How do the thinner solid (not engineered) hardwood floors perform?

Old 03-10-05, 10:05 AM
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How do the thinner solid (not engineered) hardwood floors perform?

I saw a post comparing 3/4" solid to a 3/8" engineered. How does a 5/16" solid wood compare in performance?

We have been looking at a 5/16" solid prefinished strip for a few reasons - lower price, brand has scratch resistant coating, it has a better height match with existing floor, and it is still solid wood (not laminate or engineered).

Realisticallly I am not expecting to re-finish this floor more than once or twice in my lifetime (over the next 30-40 years). Is that realistic? Can you get a refinish or two out of that thickness? How much does a refinish job usually take off the surface? What happens when you get down as far as the tounge/groove part, I assume you are done?

Also if nailed/stapled or glued do you still avoid the hollow sound that laminate has?

Other advantages/disadvantages?

Old 03-10-05, 05:03 PM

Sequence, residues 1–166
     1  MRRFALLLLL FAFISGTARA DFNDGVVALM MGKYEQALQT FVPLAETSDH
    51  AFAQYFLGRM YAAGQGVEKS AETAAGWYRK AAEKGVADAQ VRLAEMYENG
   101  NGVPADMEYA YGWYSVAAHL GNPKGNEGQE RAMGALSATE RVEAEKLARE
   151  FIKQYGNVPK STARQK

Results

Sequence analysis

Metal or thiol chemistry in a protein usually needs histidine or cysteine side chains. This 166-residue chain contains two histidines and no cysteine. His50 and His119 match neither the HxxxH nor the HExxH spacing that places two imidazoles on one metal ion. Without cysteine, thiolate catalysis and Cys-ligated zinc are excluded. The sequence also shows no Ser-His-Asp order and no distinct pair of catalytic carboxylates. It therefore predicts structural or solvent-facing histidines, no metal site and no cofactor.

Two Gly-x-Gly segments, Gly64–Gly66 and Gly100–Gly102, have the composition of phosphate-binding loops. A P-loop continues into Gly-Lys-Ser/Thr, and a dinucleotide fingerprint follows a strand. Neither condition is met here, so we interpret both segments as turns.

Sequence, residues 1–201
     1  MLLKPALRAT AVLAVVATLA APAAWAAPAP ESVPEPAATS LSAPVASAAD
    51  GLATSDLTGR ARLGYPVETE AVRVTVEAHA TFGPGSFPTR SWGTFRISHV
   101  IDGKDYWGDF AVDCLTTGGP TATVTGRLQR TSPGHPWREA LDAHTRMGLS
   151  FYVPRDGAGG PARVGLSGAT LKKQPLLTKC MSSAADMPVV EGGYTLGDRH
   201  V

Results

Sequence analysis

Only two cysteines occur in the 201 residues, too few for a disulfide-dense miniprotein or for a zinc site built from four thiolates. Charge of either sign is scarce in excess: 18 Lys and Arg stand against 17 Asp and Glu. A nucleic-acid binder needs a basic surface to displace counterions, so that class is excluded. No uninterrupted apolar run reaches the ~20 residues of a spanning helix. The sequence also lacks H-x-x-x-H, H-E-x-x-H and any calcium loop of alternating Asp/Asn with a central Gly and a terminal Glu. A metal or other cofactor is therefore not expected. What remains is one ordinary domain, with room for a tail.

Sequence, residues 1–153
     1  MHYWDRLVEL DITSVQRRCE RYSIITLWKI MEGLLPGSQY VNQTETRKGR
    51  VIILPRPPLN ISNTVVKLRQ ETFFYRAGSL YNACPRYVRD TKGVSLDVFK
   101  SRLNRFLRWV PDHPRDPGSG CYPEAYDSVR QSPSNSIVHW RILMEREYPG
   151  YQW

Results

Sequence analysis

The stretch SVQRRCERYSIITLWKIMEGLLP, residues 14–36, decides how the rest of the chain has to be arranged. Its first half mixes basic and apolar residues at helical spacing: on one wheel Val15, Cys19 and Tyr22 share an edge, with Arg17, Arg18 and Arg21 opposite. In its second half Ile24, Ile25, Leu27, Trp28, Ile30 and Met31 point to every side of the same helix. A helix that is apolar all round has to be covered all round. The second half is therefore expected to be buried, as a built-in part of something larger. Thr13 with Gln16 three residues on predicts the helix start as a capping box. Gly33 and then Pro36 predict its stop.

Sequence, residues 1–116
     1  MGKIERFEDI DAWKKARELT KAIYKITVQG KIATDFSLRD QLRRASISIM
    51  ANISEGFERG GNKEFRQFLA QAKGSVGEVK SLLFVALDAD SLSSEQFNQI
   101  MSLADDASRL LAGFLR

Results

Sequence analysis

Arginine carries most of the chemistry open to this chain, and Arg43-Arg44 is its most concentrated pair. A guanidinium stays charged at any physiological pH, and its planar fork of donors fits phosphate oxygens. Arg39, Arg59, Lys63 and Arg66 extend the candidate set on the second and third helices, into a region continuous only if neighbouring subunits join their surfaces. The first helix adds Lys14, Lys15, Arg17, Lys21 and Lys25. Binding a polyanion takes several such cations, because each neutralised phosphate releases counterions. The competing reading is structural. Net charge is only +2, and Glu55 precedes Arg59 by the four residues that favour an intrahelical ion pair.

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Thinner hardwood floors

Look at the back of a piece of solid 3/4" hardwood flooring. You will see where some grooves have been cut. Cutting out these grooves reduces the weight of the hardwood flooring. 3/4" hardwood has been the mainstay in the flooring industry. Some manufacturers and consumers have moved toward thinner hardwood flooring.

Thinner hardwood reduces freight costs. You can cover the same area of floor with a solid hardwood flooring product at less cost due to savings on freight. Manufacturers of thinner hardwood claim greater product stability than with 3/4" when exposed to fluctations in temperature and humidity. It's the same line of reasoning used when comparing the dimensional stability of 2 1/4" strip to wider plank flooring. The thinner and narrower tend to be more dimensionally stable when it comes to solid hardwood. Like 3/4" thick hardwood, 5/16" should be installed only above grade, not in basements. Manufacturer's claim the thinner strip products can be installed with mechanical fasteners or adhesives, rather than with nails required for 3/4" flooring. (Make sure there are no moisture issues with concrete.) They claim it can be glued directly on top of a concrete floor, eliminating the need for a plywood subfloor on on-grade slabs. The thickness of required transition pieces are reduced. Whatever flooring product you choose, follow manufacturer's recommendations to maintain any warranties. Many manufacturer's of thinner flooring claim that the flooring can be refinished as many times as 3/4" solid hardwood. Manufacturer's of 5/16" flooring claim their products offer a lifetime of performance like 3/4".

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